Contents Index

the linkage between the scientific concerns of Victor Frankenstein and Robert Walton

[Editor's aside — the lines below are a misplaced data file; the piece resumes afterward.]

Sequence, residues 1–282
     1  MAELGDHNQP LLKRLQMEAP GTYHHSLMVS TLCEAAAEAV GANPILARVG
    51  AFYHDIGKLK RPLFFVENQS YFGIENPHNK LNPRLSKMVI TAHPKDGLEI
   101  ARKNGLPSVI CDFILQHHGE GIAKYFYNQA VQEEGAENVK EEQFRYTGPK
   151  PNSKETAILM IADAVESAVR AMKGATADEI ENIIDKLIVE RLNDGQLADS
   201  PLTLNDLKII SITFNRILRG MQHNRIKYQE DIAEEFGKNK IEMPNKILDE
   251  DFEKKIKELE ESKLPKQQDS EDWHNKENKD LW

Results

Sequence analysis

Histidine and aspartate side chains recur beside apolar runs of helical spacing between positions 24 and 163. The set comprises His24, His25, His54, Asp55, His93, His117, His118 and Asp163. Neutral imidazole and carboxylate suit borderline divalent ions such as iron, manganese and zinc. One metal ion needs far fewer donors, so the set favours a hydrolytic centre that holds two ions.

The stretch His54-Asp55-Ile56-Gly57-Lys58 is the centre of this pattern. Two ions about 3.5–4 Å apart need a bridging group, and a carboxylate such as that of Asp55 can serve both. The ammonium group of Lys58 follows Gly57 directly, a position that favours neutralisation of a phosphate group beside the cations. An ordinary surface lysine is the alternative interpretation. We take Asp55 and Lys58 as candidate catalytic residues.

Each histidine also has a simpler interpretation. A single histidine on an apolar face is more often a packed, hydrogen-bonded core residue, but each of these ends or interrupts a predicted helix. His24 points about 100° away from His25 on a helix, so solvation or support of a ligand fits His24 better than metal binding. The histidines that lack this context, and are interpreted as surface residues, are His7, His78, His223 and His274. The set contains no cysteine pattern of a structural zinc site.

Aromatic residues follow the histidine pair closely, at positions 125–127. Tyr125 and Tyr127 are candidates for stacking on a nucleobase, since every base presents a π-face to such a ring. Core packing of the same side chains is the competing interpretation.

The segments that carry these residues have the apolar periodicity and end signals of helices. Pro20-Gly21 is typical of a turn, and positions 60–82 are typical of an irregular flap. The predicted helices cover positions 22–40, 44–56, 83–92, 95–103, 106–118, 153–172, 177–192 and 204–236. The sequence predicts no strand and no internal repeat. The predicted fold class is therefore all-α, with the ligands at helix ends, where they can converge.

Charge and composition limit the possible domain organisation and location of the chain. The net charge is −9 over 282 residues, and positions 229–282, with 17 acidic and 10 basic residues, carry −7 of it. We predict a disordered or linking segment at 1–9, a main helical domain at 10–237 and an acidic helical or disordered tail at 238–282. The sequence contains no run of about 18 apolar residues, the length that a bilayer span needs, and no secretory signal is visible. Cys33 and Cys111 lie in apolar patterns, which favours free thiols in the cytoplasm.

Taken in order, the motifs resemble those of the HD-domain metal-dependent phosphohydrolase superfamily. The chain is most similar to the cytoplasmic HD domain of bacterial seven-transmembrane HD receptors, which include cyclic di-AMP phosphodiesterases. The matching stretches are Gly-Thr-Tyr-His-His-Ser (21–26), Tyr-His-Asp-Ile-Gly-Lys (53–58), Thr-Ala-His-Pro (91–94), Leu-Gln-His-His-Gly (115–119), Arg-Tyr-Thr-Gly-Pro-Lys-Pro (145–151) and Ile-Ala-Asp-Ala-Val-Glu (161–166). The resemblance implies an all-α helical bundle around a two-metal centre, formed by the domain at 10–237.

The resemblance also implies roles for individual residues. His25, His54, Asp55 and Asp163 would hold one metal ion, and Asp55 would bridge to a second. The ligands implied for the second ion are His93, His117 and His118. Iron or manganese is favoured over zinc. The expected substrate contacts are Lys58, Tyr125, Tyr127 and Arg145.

Walton's polar exploration, with its concern for the secret of magnetism (Letter 2.2), and Victor's experiments with electricity (1.1.9) as vital fluid intersect with one of the most exciting scientific breakthroughs of the later eighteenth and early nineteenth centuries. Although Erasmus Darwin's scientific take on the linkage -- that it is somehow to be explained by basic chemistry rather than the mechanics of physics -- is wrong, what impels it is not. Indeed, though it is pedestrian in manner, the lengthy twelfth note to The Temple of Nature is nothing short of visionary. There Darwin first extensively expounds the dynamics of electricity, then turns to the similar processes of magnetism, bifurcated figuratively between arctic and antarctic poles, and in the end links the two with a rudimentary conception of atomic physics (only to be expounded by John Dalton in the decade after Darwin's death), and with the third component of the Grand Unified Field Theory, gravitation. That Mary Shelley is aware of this conjunction can be deduced from Walton's hope that his discoveries will help astronomers "regulate a thousand celestial observations".